Japanese Street Food

Japanese Street Food

story & photos by Lisa Ludwigsen

When I stepped off the plane in Tokyo I really had no idea where I was headed. I planned to spend a couple of weeks visiting friends, eating lots of sushi, exploring the place I was born, and zipping around the country on the bullet train. I couldn’t imagine how much this brief vacation would shape my appreciation for everything about the Japanese and their contradictory, complex culture. Somehow this tiny country of 125 million people manages to successfully balance a deep commitment to its ancient history with quirky, whimsical fashion, frenetic pop culture, and tantalizing, creative street food.

Sold in small shops or on streets throughout Japan are the otherworldly takoyaki or “octopus balls”—a thin batter of finely chopped octopus, eggs, flour, and dashi, a seaweed stock that is poured into a cast iron griddle of uniform cups. As it cooks, the batter is quickly turned using chopsticks until the resulting ball is golden brown and slightly crispy on the outside and creamy inside. Takoyaki are topped with bonito flakes or seaweed, or in one spot, little flakes of gold leaf. They taste like fluffy, not quite thoroughly cooked fish cakes.

It’s not a surprise that the Japanese have balanced salty, sour, sweet, crisp, and savory umami. Fermented foods are an ongoing part of life there and eating in Japan really feels good. I wondered why Americans couldn’t embrace a cool, crisp, lightly pickled cucumber on a thick skewer as a quick snack, especially when it’s offered up in a big tub at a street market.

The universal appeal of deep-fried anything is in full glory in katsu—a variety of items like yams, chicken pieces, even hard boiled quail eggs, that are coated in fluffy panko, skewered, and deep fried. They’re eaten on the go or taken home.

And don’t forget the bento box—artfully arranged assortments of rice, fish, umeboshi plum, pickled vegetables, and fried meats. Bentos reflect the incredible attention to detail paid to all aspects of life in Japan, making something as simple as eating rice a deep pleasure and meditation on thoughtful living. Fancy bentos are sold at transportation stations. Simple, basic “work meal” bentos are found at convenience stores.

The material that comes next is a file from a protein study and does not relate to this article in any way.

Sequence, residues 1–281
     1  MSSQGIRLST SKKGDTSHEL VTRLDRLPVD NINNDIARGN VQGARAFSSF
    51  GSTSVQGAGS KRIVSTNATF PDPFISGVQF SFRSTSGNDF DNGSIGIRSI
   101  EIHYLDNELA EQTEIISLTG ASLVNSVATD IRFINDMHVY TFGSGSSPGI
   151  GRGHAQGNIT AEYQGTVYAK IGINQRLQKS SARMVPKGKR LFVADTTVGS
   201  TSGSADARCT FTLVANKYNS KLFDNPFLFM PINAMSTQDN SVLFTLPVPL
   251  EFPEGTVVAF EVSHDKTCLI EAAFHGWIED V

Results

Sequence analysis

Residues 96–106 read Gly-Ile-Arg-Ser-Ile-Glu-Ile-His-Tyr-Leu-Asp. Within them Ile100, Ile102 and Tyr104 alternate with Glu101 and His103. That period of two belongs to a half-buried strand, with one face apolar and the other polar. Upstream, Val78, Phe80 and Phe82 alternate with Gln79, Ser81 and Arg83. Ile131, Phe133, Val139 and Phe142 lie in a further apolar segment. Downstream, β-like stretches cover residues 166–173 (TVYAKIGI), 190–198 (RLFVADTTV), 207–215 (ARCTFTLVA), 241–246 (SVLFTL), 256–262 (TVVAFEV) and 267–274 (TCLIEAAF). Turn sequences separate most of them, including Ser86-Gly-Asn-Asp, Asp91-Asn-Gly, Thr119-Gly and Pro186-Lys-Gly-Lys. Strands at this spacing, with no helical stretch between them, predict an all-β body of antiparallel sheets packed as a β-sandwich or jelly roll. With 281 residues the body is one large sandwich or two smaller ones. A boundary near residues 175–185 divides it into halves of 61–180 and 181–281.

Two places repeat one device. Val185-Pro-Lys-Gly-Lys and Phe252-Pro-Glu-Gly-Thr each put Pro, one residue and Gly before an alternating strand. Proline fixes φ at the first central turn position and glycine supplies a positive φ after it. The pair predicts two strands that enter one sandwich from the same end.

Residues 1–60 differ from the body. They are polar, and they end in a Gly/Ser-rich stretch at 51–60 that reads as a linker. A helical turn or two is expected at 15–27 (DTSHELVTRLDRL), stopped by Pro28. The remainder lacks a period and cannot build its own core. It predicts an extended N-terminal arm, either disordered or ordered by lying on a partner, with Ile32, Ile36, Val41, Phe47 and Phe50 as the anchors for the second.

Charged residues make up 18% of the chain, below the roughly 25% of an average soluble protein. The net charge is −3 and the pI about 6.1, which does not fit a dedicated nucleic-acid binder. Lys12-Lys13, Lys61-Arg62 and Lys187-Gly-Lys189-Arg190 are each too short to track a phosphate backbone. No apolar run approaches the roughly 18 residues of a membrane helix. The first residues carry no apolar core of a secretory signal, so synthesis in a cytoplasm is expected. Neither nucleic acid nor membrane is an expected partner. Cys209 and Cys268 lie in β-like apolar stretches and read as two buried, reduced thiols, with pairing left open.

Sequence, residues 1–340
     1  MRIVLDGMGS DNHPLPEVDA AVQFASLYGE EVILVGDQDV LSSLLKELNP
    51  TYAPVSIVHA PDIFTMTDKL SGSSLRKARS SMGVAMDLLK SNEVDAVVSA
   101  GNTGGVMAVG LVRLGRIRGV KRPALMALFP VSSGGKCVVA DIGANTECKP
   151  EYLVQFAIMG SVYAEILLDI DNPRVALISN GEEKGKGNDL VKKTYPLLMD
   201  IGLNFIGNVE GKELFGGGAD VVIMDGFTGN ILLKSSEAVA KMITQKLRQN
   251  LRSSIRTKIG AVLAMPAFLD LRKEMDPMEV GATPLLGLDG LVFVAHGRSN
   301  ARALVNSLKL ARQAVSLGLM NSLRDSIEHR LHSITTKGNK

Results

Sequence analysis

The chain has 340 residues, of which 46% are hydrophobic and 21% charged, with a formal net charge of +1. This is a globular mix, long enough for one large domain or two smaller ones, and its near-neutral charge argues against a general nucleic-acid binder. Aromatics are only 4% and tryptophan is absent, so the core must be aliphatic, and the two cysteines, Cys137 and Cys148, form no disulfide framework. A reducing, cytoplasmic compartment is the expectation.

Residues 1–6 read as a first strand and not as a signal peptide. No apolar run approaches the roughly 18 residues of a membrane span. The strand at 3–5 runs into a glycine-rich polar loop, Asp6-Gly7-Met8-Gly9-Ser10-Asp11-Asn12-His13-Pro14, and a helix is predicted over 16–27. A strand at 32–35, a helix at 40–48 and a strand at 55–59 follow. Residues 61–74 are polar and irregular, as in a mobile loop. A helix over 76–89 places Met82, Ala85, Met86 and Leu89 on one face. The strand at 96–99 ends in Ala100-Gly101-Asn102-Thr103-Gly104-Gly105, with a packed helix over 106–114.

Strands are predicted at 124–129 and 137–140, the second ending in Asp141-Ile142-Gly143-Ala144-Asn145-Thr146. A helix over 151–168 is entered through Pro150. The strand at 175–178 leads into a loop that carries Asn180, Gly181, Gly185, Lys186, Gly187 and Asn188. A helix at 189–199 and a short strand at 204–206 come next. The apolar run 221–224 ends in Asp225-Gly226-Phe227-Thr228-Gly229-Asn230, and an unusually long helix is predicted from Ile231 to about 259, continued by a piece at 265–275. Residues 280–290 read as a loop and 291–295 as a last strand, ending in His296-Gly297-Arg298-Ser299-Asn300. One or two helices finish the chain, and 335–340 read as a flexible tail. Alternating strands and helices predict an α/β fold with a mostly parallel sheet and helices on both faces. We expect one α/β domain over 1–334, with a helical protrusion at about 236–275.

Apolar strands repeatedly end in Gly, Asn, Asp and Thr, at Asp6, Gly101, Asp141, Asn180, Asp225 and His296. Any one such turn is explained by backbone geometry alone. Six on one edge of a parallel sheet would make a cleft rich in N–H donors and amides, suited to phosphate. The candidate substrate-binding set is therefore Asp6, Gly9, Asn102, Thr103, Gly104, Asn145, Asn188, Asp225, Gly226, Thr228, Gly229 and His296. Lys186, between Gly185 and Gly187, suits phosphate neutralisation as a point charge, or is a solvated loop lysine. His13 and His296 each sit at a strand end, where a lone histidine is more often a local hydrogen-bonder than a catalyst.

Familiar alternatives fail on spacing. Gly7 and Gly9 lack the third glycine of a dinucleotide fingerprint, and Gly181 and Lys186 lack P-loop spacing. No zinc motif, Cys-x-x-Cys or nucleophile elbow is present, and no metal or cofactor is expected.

Perhaps the biggest surprise for two hungry and tired Americans was the fantastic selection of snacks and meals at convenience stores. Yes, food at 7-11 stores in Japan was yummy, inexpensive, and surprisingly high quality, with not a shriveled hot dog in sight. We ate at least one meal a day at a 7/11 or Lawson’s Market. To-go sushi, seaweed-wrapped rice triangles filled with pickled meats or veggies called onigiri, thick slices of soft bread sold by the slice, light and creamy desserts, and even coffee Jell-O. Perhaps most surprising was Japanese egg salad, a soft, fluffy concoction of egg and savory mayo sold in vacuum sealed packages. I’ve tried making egg salad with Japanese mayo from Japantown and been unable to capture that uniquely pillowy texture and taste.

If food reflects a place’s culture, then Americans can learn a lot from the Japanese. Pay attention to the details, concentrate on ways to make basic ingredients shine, and look for the opportunity to make the simple into something special, even with humble street food.